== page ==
Jamie Gray is a business reporter for the New Zealand Herald and NZME. news service.

Australia links risk to NZ profits

High exchange rate and slowdown could take shine off earnings of firms exposed to the Australian economy.

A number of retailers have cited conditions in Australia as a negative influence on earnings. Photo / Thinkstock
A number of retailers have cited conditions in Australia as a negative influence on earnings. Photo / Thinkstock

Analysts expect to see steady earnings growth for listed companies with exposure to New Zealand when the 2012/13 results season gets under way next month, but they said profits for those businesses with connections to Australia might be a mixed bag.

Steady performances from the pure New Zealand "plays" are expected, but those with exposure to the Australian economy could see the shine taken off their earnings from the economic slowdown there and from the New Zealand/Australian dollar cross rate, which is sitting near a five-year high.

The kiwi's dramatic fall against the US dollar will be a major plus for many, but the positive impact of a weaker NZ/US exchange rate is more likely to kick in in 2013/14 rather than the June year just past because the currency only started falling from its peak of US86.75c in April, according to analysts.

Morningstar analyst Nachi Moghe said there should not be many nasty surprises coming from the June 30 year reporting season.

"I don't think there will be too many negative surprises as such, so the season will be more or less in line with consensus forecasts," Moghe said. "Domestic growth has not exactly been lacklustre, but it hasn't been exciting either."

Mark Lister, head of private wealth research at Craigs Investment Partners, said most New Zealand corporates were in reasonable shape.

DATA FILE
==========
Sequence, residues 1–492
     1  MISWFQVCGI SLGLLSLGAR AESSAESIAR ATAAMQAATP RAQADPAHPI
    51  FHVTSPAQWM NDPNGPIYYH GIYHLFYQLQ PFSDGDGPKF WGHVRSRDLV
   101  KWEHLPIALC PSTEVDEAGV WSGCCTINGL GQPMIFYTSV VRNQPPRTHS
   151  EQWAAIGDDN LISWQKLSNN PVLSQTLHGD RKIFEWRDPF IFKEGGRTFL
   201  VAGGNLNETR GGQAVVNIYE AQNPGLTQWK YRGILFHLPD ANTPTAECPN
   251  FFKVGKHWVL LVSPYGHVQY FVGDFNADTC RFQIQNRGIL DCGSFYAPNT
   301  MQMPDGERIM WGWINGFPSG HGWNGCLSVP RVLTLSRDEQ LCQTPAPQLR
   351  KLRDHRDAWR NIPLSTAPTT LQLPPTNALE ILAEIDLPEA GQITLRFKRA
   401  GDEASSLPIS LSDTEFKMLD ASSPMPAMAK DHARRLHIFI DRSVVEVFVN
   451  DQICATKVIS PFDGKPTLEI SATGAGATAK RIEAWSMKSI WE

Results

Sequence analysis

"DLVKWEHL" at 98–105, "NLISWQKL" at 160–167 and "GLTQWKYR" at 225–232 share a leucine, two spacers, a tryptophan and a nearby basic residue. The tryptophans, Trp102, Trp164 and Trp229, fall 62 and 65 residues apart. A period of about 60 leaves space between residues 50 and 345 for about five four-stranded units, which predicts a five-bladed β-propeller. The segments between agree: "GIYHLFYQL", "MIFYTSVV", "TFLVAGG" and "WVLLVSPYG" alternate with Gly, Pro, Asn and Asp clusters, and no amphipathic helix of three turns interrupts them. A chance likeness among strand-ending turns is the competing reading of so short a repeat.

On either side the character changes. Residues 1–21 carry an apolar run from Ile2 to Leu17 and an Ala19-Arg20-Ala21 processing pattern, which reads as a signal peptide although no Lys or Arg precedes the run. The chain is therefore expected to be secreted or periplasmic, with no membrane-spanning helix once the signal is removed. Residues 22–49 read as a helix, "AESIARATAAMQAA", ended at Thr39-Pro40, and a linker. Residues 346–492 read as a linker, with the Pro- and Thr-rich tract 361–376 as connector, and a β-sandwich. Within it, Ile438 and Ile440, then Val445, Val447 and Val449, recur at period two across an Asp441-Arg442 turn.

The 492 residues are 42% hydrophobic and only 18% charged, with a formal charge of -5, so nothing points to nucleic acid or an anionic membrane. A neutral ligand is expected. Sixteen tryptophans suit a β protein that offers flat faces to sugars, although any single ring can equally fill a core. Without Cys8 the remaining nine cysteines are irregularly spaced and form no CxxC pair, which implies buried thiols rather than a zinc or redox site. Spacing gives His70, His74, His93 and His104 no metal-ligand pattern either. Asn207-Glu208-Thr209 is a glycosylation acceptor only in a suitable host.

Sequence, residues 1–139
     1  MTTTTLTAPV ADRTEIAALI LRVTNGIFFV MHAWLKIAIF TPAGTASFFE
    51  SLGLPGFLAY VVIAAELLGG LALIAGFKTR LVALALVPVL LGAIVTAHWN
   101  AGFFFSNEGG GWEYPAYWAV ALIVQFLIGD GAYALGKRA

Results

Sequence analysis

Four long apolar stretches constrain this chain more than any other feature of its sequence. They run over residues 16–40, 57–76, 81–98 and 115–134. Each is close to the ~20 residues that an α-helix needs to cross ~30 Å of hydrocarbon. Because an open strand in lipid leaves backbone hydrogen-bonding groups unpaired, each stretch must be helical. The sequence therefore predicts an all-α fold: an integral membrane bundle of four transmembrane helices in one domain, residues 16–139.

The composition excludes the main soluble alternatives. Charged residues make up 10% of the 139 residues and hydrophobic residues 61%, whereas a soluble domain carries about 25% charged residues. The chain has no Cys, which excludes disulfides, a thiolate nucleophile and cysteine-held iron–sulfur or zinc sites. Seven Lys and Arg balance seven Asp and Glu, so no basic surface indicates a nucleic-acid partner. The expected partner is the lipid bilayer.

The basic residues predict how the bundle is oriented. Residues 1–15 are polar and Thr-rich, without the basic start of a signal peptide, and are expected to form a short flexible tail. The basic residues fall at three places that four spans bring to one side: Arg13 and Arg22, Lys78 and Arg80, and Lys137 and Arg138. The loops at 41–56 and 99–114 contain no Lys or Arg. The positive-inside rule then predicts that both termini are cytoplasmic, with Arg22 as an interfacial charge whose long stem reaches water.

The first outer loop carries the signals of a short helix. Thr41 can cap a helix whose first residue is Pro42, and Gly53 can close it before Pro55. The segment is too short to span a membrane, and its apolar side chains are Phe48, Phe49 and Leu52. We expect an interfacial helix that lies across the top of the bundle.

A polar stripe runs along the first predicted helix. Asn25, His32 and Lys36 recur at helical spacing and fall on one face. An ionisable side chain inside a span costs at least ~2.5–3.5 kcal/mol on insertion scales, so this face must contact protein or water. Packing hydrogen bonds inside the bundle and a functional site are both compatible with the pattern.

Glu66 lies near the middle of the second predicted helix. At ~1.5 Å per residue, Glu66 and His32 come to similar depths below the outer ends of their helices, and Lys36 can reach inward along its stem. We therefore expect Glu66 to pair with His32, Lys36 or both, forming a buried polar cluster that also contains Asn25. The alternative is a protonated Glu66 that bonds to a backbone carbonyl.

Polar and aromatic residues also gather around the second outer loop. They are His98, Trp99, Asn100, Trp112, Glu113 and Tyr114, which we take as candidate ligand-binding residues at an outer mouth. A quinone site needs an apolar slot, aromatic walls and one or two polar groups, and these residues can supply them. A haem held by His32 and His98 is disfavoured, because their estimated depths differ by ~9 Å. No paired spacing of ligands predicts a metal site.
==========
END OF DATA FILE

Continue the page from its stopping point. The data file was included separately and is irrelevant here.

"Over the last six months there has been growing divergence between New Zealand and Australia," Lister said. "We seem to be chugging along quite nicely with the momentum of the Canterbury rebuild and the Auckland housing market powering ahead.

"The New Zealand dollar has come off the boil [against the US] and most of the indicators are telling us that the economy is on track, but Australian retail sales are in the doldrums and the mining sector is slowing."

Fletcher Building - the country's biggest company by market capitalisation - said earlier this month that its operating earnings for the 2013 financial year were expected to be in the range of $560 million to $610 million. Second-half growth was expected from momentum seen in the New Zealand market but the forecast assumed no further deterioration in Australia or other markets, the company said at that time. About 43 per cent of Fletcher Building's revenue and 40 per cent of its earnings before interest and tax come from Australia.

Further afield, an improving US housing market is likely to be a positive factor for Fletcher Building while domestically, the Christchurch rebuilding and a buoyant Auckland housing market are seen as being strongly supportive for the company's earnings.

Air New Zealand is shaping up to be one of the bright spots. The company has upgraded its earnings guidance three times in five months, most recently lifting pre-tax profit to the upper end of previous guidance of $235 million to $260 million.

Among the retail companies, Pumpkin Patch, Michael Hill International and Hallenstein Glasson have cited Australian conditions as negative influences on their 2012/13 earnings guidance updates.

Carpetmaker Cavalier has said it expects its 2012/13 net profit to be at the lower end of a $6 million to $10 million range because of a subdued Australian market.

Companies with activities closer to home look to be benefiting.

Freightways has an Australian presence but it remains a mostly New Zealand-focused company. This month, the express parcel company moved to temper analysts' over-optimistic forecasts by saying it expected a net profit for 2012/13 of about $38 million, 6 per cent up on the previous year.


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